By Matt Zapotosky
Washington Post Staff Writer
Friday, January 8, 2010; B10
Crime in Prince George's County hit record lows in 2009, dropping in every major category from the previous year to hit an overall rate not seen since at least the Ford presidency, officials said at a news conference Thursday.
The county recorded 5,604 crimes per 100,000 residents in 2009, the lowest rate since at least 1975, the last year for which comparable figures are available in Prince George's.
Prince George's Police Chief Roberto L. Hylton credited the drop to a crackdown on nightclub violence, an increased focus on "community policing" and his efforts to hold officers accountable for their actions.
Data reflect the success of these initiatives, he said. Nightclub-related homicides fell from 12 in 2008 to four in 2009. Total crime, which might be deterred by the efforts of community officers working their beats, fell 12.2 percent. Officer-involved shootings were cut in half, and complaints about excessive force, harassment and language dropped substantially.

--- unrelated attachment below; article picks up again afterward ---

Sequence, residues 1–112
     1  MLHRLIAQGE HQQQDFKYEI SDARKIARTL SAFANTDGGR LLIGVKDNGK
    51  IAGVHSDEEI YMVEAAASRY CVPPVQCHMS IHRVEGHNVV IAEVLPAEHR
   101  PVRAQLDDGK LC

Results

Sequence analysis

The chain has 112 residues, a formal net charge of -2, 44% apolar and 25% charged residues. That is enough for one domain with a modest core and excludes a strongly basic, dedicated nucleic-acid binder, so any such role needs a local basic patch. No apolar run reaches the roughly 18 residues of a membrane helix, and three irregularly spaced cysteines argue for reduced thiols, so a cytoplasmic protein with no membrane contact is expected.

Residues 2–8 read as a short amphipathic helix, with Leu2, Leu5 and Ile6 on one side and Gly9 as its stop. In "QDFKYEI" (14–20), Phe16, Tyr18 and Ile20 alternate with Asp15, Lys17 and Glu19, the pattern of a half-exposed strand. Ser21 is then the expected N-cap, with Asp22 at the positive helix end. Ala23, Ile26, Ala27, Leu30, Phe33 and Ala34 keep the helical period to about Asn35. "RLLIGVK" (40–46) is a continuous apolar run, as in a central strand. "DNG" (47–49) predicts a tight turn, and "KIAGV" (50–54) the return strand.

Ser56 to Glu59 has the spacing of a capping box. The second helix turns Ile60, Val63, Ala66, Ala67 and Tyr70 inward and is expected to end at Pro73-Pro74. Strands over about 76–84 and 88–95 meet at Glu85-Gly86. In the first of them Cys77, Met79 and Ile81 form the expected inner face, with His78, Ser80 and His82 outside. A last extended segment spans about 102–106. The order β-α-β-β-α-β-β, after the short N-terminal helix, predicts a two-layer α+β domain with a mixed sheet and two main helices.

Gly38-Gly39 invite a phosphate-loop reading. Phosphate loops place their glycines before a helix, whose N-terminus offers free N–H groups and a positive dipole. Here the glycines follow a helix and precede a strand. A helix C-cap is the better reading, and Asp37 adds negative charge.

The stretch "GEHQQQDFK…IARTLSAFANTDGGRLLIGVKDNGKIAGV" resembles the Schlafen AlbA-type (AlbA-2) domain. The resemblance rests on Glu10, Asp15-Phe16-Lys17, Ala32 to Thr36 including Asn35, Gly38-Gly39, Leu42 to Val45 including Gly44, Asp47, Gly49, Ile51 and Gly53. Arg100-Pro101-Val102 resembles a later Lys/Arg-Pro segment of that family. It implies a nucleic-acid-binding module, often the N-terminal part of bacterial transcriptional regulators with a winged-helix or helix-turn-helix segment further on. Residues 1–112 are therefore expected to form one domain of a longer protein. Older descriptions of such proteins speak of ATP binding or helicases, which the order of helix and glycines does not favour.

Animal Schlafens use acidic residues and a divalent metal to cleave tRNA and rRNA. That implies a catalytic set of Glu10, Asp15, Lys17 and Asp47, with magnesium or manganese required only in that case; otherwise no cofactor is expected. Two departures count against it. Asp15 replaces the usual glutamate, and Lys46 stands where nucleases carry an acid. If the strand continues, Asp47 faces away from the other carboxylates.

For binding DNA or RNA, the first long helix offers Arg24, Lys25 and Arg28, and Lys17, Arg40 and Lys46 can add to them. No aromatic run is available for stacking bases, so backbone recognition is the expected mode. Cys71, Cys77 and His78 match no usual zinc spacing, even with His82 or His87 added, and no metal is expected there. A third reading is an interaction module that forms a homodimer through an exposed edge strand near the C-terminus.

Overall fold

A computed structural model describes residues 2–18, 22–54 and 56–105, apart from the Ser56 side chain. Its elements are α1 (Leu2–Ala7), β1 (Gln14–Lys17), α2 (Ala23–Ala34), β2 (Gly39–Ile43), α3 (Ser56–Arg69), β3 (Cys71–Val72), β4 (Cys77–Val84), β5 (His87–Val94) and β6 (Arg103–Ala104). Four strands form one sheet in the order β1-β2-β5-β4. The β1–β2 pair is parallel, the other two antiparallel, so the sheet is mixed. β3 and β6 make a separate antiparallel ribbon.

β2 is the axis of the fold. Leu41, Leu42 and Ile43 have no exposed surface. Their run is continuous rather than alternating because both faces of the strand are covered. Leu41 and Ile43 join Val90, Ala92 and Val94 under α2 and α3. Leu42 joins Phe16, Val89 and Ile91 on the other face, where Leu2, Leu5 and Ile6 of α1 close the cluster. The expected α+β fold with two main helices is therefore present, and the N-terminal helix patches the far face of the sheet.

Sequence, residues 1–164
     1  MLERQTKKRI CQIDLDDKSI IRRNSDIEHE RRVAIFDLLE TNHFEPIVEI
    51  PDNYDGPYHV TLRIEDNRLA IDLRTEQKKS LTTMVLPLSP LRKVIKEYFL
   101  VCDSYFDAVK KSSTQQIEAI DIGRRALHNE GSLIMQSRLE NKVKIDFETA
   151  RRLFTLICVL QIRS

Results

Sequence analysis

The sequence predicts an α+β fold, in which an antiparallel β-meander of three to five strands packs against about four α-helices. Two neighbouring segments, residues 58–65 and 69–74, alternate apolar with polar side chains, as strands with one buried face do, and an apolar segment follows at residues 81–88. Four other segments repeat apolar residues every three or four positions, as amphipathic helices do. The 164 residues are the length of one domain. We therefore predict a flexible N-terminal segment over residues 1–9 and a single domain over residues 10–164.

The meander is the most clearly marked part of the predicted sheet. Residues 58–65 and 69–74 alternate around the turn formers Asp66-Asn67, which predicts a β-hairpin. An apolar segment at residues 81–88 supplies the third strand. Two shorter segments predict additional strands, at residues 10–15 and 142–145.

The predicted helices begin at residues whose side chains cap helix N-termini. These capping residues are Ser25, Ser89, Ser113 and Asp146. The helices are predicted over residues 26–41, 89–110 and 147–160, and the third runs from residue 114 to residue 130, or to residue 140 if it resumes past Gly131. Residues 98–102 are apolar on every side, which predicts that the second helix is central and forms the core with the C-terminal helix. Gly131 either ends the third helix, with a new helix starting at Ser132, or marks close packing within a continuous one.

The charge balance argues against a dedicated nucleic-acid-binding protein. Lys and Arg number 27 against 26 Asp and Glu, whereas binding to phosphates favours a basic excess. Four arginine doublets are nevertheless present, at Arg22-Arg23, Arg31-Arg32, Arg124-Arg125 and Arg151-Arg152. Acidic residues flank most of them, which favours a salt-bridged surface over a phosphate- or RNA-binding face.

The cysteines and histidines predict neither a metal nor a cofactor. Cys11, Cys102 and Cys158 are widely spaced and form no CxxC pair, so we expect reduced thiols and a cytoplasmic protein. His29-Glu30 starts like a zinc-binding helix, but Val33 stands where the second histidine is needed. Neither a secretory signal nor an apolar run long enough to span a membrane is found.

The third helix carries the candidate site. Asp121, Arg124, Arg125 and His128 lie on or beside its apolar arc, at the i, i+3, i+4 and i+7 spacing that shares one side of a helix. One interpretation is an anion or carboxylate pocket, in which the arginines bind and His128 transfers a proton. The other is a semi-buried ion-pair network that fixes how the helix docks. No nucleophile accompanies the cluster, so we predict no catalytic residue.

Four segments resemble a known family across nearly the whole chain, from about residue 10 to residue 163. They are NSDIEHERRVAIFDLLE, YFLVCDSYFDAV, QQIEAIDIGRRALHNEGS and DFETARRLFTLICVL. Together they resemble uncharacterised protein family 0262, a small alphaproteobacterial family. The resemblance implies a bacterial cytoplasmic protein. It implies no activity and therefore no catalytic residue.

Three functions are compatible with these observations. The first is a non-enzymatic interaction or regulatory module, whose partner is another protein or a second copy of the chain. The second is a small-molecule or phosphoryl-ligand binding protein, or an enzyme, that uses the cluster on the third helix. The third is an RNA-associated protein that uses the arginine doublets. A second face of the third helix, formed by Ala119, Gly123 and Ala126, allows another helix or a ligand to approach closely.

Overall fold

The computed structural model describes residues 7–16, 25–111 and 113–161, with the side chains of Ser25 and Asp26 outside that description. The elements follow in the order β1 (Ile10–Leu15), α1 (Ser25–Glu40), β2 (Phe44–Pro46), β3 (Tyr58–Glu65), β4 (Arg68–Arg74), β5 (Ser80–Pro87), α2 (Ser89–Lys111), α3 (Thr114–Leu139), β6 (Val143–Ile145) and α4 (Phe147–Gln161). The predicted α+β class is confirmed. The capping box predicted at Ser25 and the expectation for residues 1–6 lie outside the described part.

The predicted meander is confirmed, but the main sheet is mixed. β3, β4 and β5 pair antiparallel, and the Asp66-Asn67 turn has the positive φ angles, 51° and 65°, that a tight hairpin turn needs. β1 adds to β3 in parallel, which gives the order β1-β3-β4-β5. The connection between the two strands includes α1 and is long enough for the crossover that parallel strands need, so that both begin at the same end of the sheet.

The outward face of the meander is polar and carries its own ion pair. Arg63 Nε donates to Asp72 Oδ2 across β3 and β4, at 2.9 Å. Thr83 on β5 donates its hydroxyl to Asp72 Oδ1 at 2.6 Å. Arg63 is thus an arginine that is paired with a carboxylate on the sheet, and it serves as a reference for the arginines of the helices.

"This is remarkable, remarkable work," Hylton said. "We're doing this while maintaining our professionalism."
The drop in crime is consistent with other jurisdictions across the region. D.C. police, for example, reported a 45-year low in homicides.
Prince George's had good news on the homicide front, too: Detectives could boast a 79 percent closure rate for the department's 92 slayings in 2009. The rate, bolstered by a few cold case closures, is the highest in recent memory, just as the number of homicides is the lowest since 2000.
Maj. Lawrence Gordon, commander of the police department's criminal investigations division, said there are more homicide and cold case detectives working now than ever before (33, plus six sergeants). That, combined with the reduced number of slayings, helps minimize each detective's case load, he said.